Urinary glucose determinations using glucose oxidase methods (e.g., Clinistix, Tes-Tape) are unaffected by the drugs. A false-negative result may occur in the ferricyanide test for blood glucose. Cefprozil does not interfere with the alkaline picrate method used to determine plasma or urinary creatinine concentrations.

Pediatric Precautions

Safety and efficacy of cefprozil for the treatment of acute otitis media or acute sinusitis in children younger than 6 months of age or the treatment of pharyngitis and tonsillitis or uncomplicated skin and skin structure infections in children younger than 2 years of age have not been established. The manufacturers caution that drug accumulation secondary to prolonged elimination has been reported in neonates receiving other cephalosporins.

Sensitivity reactions (e.g., rash, urticaria) have been reported more frequently in children than in adults. The most common adverse effects occurring in children receiving cefprozil are similar to those seen in adults and include diarrhea, nausea, vomiting, and rash.

Geriatric Precautions

Of the more than 4500 adults who received cefprozil in clinical studies, 14% were 65 years of age or older, while 5% were 75 years of age and older. Although no overall differences in efficacy or safety were observed between geriatric and younger patients, and other clinical experience revealed no evidence of age-related differences, the possibility that some older patients may exhibit increased sensitivity to the drug cannot be ruled out. Cefprozil is known to be substantially excreted by the kidney, and the risk of cefprozil-induced toxicity may be greater in patients with renal impairment. Because geriatric patients may have decreased renal function, initial dosage should be selected carefully and it may be useful to monitor renal function.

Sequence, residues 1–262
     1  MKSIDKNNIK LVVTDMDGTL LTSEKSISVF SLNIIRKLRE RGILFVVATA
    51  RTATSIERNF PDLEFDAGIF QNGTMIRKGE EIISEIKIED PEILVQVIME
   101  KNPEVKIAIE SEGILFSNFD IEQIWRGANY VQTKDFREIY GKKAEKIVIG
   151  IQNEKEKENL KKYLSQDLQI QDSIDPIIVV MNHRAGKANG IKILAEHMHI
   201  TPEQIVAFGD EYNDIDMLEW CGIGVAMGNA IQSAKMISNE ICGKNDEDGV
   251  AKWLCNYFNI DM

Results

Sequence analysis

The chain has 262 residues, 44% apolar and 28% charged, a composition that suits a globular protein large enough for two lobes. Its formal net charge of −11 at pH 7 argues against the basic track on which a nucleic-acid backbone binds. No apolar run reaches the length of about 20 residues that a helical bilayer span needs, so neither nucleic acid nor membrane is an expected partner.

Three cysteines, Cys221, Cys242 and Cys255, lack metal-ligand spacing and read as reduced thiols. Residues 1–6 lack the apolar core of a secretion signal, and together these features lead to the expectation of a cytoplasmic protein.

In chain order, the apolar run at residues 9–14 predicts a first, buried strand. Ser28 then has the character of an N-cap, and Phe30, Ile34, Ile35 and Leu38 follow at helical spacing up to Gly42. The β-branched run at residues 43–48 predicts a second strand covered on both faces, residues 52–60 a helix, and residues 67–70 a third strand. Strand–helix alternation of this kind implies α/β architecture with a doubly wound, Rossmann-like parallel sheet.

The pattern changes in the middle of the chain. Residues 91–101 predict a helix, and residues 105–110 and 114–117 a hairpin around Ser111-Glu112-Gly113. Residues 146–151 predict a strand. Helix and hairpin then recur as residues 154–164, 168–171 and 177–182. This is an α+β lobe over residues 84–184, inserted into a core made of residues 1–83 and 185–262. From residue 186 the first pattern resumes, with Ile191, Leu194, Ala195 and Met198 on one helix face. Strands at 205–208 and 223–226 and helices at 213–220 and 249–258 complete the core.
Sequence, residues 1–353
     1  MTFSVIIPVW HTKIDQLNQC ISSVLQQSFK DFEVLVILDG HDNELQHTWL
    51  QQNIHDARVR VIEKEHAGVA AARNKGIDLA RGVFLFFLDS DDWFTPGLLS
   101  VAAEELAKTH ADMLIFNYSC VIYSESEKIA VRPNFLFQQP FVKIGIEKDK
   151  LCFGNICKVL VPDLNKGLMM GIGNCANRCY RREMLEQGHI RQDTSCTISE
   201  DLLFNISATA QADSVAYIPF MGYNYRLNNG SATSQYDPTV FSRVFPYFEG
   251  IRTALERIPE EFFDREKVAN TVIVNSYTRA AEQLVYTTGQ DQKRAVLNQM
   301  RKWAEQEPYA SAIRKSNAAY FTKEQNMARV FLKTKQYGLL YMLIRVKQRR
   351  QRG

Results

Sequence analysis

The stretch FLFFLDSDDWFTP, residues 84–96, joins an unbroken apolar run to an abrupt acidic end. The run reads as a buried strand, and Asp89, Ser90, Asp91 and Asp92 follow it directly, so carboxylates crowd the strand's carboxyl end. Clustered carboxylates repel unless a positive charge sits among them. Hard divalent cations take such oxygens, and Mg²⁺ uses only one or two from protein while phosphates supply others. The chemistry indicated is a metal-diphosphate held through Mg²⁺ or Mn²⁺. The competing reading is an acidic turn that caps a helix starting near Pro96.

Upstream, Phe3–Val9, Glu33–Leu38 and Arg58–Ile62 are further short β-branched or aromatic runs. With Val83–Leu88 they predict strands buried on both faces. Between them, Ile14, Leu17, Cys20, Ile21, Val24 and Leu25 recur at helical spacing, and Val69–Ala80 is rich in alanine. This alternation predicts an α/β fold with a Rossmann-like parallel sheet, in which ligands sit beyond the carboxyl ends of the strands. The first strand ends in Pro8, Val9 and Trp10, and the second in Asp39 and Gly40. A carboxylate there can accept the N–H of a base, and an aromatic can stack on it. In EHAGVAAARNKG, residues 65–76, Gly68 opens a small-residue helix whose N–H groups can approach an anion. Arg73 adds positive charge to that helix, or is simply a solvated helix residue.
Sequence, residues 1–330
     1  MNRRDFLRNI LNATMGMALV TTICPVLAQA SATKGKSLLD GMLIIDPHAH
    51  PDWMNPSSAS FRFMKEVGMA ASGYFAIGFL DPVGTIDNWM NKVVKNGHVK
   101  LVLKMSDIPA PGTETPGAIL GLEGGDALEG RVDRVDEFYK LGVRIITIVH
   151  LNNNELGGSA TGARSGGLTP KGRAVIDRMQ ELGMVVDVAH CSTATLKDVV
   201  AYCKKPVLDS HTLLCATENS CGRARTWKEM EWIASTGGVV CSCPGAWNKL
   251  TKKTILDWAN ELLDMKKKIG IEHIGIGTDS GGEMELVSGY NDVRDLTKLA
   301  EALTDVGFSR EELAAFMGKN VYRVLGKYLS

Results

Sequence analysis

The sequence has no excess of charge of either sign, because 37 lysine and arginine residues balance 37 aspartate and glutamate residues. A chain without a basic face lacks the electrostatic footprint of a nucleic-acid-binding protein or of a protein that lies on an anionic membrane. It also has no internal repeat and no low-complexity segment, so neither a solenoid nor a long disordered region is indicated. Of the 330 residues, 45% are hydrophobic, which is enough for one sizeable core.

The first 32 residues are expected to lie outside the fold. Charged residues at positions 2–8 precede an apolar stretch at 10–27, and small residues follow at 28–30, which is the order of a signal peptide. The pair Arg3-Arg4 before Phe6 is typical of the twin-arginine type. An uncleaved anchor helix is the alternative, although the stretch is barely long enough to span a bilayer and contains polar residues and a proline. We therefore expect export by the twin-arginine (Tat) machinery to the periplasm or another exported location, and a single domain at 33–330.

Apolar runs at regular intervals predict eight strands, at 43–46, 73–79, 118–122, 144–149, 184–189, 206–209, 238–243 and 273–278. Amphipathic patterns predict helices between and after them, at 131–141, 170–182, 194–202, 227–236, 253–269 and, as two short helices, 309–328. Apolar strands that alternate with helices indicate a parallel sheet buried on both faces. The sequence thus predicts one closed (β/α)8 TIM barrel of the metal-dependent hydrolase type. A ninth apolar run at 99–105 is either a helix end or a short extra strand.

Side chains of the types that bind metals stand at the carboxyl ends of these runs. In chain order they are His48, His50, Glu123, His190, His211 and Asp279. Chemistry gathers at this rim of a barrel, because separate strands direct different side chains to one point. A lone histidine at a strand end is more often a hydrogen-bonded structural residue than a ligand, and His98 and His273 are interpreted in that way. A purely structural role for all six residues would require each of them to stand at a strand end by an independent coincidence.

Mutagenicity and Carcinogenicity

Mutagenesis studies performed in appropriate prokaryotic and eukaryotic cells in vitro or in vivo have not shown cefprozil to be mutagenic. Long-term in vivo studies have not been performed to date to evaluate the carcinogenic potential of the drug.

Pregnancy, Fertility, and Lactation

Pregnancy

Reproduction studies in mice, rats, or rabbits using oral cefprozil in dosages 0.8, 8.5, or 18.5 times, respectively, the maximum daily human dose (1 g) based upon mg/m have not revealed evidence of harm to the fetus. There are no adequate and well-controlled studies to date using cefprozil in pregnant women or during labor and delivery, and the drug should be used during pregnancy or labor and delivery only when clearly needed.

Fertility

Reproduction studies in male or female rats receiving oral cefprozil in dosages up to 18.5 times the maximum recommended human dosage have not revealed evidence of impaired fertility.

Lactation

Because trace concentrations of cefprozil (less than 0.3% of a dose) are distributed into milk, the drug should be used with caution in nursing women.

Pharmacokinetics

Some of the pharmacokinetic data described in the Pharmacokinetics section were derived from studies that involved cefprozil capsules (not commercially available in the US); however, these capsules, cefprozil oral solution (not commercially available in the US), commercially available cefprozil film-coated tablets, and commercially available cefprozil oral suspension have been shown to be bioequivalent when administered under fasting conditions. Results of high-pressure liquid chromatographic (HPLC) assays that distinguish between the cis- and trans-isomers of cefprozil indicate that the pharmacokinetics of the isomers are identical and the proportions of cis- and trans-cefprozil in plasma and urine are similar to those contained in commercially available preparations of the drug (i.e., approximately a 9:1 ratio).